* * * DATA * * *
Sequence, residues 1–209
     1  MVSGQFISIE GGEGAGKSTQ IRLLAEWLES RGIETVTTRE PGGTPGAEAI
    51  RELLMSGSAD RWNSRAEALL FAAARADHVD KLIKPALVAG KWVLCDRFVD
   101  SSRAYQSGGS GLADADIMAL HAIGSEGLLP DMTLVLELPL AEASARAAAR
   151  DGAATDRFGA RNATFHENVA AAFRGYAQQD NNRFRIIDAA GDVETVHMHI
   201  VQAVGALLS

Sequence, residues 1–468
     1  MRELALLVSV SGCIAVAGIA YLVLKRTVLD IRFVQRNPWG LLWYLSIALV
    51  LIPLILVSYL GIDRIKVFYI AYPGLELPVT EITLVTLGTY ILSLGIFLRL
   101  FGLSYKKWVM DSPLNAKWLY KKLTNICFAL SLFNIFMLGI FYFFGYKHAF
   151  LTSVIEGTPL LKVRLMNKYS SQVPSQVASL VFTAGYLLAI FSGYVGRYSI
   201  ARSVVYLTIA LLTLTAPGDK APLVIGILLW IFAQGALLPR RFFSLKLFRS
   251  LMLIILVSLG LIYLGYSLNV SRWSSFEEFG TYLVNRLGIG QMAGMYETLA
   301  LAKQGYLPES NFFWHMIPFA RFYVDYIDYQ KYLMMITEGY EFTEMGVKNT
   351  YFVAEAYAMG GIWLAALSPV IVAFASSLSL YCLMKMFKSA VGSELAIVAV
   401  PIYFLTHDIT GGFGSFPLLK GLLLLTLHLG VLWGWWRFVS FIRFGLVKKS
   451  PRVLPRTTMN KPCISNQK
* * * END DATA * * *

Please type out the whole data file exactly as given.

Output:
Sequence, residues 1–209
     1  MVSGQFISIE GGEGAGKSTQ IRLLAEWLES RGIETVTTRE PGGTPGAEAI
    51  RELLMSGSAD RWNSRAEALL FAAARADHVD KLIKPALVAG KWVLCDRFVD
   101  SSRAYQSGGS GLADADIMAL HAIGSEGLLP DMTLVLELPL AEASARAAAR
   151  DGAATDRFGA RNATFHENVA AAFRGYAQQD NNRFRIIDAA GDVETVHMHI
   201  VQAVGALLS

Sequence, residues 1–468
     1  MRELALLVSV SGCIAVAGIA YLVLKRTVLD IRFVQRNPWG LLWYLSIALV
    51  LIPLILVSYL GIDRIKVFYI AYPGLELPVT EITLVTLGTY ILSLGIFLRL
   101  FGLSYKKWVM DSPLNAKWLY KKLTNICFAL SLFNIFMLGI FYFFGYKHAF
   151  LTSVIEGTPL LKVRLMNKYS SQVPSQVASL VFTAGYLLAI FSGYVGRYSI
   201  ARSVVYLTIA LLTLTAPGDK APLVIGILLW IFAQGALLPR RFFSLKLFRS
   251  LMLIILVSLG LIYLGYSLNV SRWSSFEEFG TYLVNRLGIG QMAGMYETLA
   301  LAKQGYLPES NFFWHMIPFA RFYVDYIDYQ KYLMMITEGY EFTEMGVKNT
   351  YFVAEAYAMG GIWLAALSPV IVAFASSLSL YCLMKMFKSA VGSELAIVAV
   401  PIYFLTHDIT GGFGSFPLLK GLLLLTLHLG VLWGWWRFVS FIRFGLVKKS
   451  PRVLPRTTMN KPCISNQK